Natural Horsemanship: Diamond Cross Ranch

Updated: Aug 26


Diamond Cross Ranch is a historical working ranch in Jackson Hole owned by the Golliher family, Horse Trainer Grant Golliher and Third Generation Rancher Jane Golliher. Jane’s grandparents were among the earliest settlers and homesteaders in Jackson Hole in 1912. As a family, they grew up caring for the land.


Over time, many ranching families departed the valley as property prices escalated and gave way to development. However, the family’s pioneering spirit and dedication to their Western heritage led them to conserve the open space as one of the few remaining historic family-owned ranches in Teton County.


In a day’s work, horse gentling—referred to as natural horsemanship—is among the many tasks that take place on their ranch.



We teamed up with Diamond Cross Ranch to rescue and gentle horse Jazzy from a kill pen. Grant has made it his life mission to rescue and gentle horses for the better good of others and it is an honor to watch his process with Jazzy.


They found Jazzy at a kill pen the day before she was scheduled to get on the truck to the slaughterhouse. So they had to make a decision quick. Grant has since been working with Jazzy to gentle her.




Diamond Cross Ranch believes that natural horsemanship is about building trust and inspiring confidence. Their natural horsemanship method is based on techniques derived from observation of free-roaming horses and rejecting abusive training methods.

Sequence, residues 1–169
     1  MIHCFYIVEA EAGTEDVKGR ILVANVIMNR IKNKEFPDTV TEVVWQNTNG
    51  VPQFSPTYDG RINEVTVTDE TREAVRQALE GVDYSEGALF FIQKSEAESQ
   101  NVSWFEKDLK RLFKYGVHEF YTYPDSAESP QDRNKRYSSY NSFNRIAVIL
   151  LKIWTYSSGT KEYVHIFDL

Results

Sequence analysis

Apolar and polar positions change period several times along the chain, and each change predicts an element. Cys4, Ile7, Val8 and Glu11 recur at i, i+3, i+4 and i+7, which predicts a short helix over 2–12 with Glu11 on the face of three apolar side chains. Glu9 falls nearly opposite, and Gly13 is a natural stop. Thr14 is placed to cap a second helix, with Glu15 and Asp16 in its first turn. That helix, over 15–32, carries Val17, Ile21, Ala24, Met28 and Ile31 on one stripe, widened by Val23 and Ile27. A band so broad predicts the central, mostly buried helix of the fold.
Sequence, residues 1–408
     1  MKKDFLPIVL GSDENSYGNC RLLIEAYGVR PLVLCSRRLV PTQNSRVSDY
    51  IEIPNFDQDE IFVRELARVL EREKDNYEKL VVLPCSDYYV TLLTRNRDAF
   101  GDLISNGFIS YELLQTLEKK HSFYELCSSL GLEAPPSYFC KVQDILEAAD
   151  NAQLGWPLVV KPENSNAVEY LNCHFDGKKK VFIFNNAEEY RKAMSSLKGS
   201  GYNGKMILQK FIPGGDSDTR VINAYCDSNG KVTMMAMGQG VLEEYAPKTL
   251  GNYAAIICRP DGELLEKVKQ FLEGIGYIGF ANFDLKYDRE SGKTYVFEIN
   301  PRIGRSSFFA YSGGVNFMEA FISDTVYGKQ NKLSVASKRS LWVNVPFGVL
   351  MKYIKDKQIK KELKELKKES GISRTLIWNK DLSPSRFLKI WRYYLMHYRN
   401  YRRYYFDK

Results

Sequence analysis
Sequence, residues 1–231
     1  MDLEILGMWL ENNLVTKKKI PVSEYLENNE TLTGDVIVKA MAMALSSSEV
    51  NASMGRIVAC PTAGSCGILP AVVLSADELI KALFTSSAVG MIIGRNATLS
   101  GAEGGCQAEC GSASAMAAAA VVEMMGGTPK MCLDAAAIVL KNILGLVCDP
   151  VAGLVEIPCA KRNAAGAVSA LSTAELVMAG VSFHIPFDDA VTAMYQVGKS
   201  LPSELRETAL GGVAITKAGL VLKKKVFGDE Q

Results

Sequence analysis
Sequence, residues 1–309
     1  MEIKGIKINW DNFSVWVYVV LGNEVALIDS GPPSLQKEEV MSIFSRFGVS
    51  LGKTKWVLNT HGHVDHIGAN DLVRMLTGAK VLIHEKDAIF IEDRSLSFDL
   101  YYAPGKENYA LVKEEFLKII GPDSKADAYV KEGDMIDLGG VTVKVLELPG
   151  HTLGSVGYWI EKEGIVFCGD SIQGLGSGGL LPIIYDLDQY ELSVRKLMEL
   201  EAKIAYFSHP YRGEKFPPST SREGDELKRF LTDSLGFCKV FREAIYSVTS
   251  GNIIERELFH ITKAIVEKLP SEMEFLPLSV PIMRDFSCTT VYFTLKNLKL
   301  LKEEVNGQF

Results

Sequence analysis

When the gentling is complete, Grant will place Jazzy in a good home where she can enjoy a long and happy life.



Grant has also been donating his time to gentle a three-year-old horse named Velvet for a cowgirl and horse enthusiast, Chris, who worked incredibly hard to raise her. For Grant, it is very rewarding to take a young horse that needs a good foundation and make something good and valuable out of it, to mentor the young horse and teach it work ethic.









“Once you do something with a horse, they want to smell you. They remember the smell that followed the action. If you abuse a horse, they’re going to remember that smell for the rest of their life.” – Grant Golliher







“The important thing about this is you don’t restrain the horse; you don’t take away their freedom to make choices.”

– Grant Golliher




“One way I look at my trade is just like a good craftsman; this is my craft and I’ve worked hard at being as good as I can be at it.” – Grant Golliher



“For me, certain horses have triggered learning and change because when looking in the mirror was not enough, they reflected my actions in ways that helped me see myself as I was, not as I pretended or hoped to be.” – Grant Golliher



“Horses, I learned, cannot lie.” – Grant Golliher


Photography by Jake Steven & Carly Butler

Cinematography by Jake Steven

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